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Sean Hannity criticized by Fox News contributors over Cohen relationship

Shepard Smith, a Fox News anchor, called the situation the “elephant in the room”
by Claire Atkinson /
Image: Fox News host Sean Hannity
Fox News host Sean Hannity on the set of his show in New York on Oct. 28, 2014.Mike Segar / Reuters file

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Two Fox News contributors said Monday that Fox News host Sean Hannity should have disclosed his relationship with President Donald Trump’s lawyer, Michael Cohen.

After federal investigators raided Cohen’s office last week and seized documents and computer files, Hannity criticized the raid on the air, but did not disclose that he was one of Cohen’s clients — a fact that emerged in a court proceeding on Monday. Shepard Smith, a Fox News anchor, called the situation the “elephant in the room” and said his staff was working to try to get a comment from Hannity.

Lawyer Alan Dershowitz scolded Hannity on his prime-time show Monday evening for not mentioning the relationship.

“I really think you should have disclosed your relationship with Cohen,” he said. Hannity responded on air that his professional relationship with Cohen was “minimal” and was related to real estate.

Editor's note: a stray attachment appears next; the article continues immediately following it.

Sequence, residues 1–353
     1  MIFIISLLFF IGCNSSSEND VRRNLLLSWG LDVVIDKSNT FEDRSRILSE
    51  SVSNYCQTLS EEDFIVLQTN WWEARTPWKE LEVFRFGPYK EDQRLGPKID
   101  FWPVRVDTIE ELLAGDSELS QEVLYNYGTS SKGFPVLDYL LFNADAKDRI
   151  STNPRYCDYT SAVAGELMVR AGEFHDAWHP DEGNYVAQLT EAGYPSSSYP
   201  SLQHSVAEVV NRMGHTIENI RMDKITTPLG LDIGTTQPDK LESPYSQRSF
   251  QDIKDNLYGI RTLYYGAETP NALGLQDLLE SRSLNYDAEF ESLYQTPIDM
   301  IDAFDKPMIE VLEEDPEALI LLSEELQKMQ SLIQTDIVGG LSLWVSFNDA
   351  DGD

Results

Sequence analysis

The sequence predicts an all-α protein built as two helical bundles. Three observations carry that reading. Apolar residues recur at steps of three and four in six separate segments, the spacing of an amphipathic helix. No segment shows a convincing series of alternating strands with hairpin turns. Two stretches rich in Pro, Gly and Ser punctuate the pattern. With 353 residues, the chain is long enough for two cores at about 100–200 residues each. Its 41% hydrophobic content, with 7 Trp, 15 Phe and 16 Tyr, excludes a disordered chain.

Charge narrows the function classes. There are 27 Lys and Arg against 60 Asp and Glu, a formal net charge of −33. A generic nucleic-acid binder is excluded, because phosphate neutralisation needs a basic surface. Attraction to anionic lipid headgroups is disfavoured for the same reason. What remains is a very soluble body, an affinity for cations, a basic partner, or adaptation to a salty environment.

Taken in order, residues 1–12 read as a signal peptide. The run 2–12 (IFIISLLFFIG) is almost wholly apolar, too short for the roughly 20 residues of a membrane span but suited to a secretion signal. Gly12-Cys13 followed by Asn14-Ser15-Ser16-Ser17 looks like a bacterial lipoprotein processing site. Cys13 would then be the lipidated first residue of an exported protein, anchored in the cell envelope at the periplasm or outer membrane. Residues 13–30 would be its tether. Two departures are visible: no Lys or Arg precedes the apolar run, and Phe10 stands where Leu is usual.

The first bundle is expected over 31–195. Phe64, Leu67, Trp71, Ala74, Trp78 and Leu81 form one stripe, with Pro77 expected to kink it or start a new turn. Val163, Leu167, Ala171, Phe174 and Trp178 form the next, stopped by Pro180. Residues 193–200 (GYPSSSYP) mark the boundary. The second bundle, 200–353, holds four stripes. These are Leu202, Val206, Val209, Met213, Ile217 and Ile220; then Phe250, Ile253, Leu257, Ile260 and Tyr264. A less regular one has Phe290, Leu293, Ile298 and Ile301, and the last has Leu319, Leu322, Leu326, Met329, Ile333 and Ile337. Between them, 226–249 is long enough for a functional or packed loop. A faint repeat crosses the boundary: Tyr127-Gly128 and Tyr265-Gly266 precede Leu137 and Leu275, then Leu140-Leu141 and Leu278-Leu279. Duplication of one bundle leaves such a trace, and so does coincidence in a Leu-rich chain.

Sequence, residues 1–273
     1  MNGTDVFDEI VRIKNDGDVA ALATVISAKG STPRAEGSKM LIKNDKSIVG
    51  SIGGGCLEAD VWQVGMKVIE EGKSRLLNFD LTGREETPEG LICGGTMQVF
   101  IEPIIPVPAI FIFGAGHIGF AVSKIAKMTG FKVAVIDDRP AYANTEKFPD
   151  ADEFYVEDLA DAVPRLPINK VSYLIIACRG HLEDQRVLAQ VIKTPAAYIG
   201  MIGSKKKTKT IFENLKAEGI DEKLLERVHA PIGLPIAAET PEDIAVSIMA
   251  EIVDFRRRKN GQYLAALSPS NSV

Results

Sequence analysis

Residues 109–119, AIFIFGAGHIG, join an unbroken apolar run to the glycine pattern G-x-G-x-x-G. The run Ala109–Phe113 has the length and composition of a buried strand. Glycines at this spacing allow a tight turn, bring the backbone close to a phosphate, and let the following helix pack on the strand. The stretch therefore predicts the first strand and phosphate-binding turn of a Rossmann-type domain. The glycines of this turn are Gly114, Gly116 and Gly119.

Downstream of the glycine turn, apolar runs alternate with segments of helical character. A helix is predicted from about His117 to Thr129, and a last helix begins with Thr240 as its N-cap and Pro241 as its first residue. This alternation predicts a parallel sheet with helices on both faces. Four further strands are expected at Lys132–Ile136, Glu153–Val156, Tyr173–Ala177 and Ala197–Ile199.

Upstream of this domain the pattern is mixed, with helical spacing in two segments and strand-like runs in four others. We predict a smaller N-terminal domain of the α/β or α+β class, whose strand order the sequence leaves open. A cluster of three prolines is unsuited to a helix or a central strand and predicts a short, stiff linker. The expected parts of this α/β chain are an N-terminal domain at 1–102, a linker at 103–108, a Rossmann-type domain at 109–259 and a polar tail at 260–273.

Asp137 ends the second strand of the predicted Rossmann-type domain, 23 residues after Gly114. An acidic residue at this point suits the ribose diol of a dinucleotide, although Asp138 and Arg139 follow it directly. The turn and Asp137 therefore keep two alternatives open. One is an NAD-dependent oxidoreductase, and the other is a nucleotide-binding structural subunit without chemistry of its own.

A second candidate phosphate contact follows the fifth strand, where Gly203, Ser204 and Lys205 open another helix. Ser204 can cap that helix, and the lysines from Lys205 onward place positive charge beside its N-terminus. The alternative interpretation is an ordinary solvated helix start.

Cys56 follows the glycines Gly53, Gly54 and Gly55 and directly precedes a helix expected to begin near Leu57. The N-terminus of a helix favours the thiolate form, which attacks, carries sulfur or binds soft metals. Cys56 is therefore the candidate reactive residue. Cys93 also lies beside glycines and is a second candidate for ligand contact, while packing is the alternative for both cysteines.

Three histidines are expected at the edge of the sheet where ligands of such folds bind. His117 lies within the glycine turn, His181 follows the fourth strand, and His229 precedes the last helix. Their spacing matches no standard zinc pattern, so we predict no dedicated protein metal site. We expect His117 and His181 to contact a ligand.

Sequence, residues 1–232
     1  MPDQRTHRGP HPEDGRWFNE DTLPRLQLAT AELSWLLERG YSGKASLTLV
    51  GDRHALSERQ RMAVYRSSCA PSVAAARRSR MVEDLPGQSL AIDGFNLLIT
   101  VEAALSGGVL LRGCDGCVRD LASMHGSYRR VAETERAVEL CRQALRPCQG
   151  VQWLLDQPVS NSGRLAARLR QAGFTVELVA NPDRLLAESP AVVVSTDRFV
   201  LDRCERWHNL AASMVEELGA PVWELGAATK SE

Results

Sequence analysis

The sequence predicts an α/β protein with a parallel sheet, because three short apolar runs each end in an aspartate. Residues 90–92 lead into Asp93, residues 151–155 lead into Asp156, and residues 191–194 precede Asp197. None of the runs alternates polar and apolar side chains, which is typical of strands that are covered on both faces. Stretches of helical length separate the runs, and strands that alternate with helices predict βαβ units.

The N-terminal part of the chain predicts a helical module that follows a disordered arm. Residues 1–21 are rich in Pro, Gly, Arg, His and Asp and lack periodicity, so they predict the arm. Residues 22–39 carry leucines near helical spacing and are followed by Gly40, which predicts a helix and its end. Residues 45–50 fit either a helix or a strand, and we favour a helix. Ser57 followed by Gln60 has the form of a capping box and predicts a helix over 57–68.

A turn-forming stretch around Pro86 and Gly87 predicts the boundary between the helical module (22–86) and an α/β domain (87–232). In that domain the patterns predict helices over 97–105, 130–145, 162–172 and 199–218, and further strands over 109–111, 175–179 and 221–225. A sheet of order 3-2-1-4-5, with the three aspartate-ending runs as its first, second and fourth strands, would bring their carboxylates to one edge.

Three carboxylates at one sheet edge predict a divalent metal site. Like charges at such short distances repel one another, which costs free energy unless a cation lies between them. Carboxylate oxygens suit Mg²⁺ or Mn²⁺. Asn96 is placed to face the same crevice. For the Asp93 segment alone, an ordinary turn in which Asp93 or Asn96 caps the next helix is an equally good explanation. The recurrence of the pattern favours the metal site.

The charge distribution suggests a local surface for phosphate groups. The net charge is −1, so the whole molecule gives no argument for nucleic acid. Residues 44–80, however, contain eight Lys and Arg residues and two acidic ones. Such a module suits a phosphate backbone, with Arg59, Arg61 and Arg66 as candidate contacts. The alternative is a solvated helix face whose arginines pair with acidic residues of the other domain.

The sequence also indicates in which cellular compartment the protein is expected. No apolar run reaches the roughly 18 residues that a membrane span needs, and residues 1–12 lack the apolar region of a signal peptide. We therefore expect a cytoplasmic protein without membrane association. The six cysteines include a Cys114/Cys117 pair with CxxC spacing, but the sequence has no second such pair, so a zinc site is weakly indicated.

Earlier in the evening, Fox News political analyst Juan Williams, speaking on the Fox show “The Five,” said: “Why, when Sean was on the air strongly an advocate for President Trump — not saying, ‘Hey, I’ve got a relationship with the lawyer,’ I think that’s a question.”

Hannity teased his response to reporting on the relationship throughout his show Monday evening, welcoming the “liberal media” as new viewers, and then delivered his comments at the end of his hour-long program.

Hannity’s response closely mirrored the statement he put out earlier. “My discussions with Michael Cohen never rose to the level that I needed to tell anyone that I was asking him questions,” he said.

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Hannity also said he had a right to privacy and added that those legal questions did not involve a third party and pertained almost exclusively to questions about real estate. Hannity also invited another of his lawyers, David Limbaugh, on his Tuesday evening show to discuss the former FBI director James Comey’s interview on ABC, clearly disclosing that relationship.

The Fox News host has been a loud advocate for the president and has claimed that he is not a journalist but rather someone whose job is to deliver opinion as a talk-show host. Hannity has recently sparred with the ABC late-night host Jimmy Kimmel, caught flack for discussing conspiracy theories about the death of Seth Rich, and suffered an advertising boycott because of his support of Alabama Senate candidate Roy Moore.

On Monday afternoon, U.S. District Judge Kimba Wood ordered Cohen to disclose his third, unnamed client as part of a broader investigation into Cohen’s $130,000 payment to adult actress Stormy Daniels, a payment that allegedly prevented her publicly discussing her alleged sexual relationship with Trump.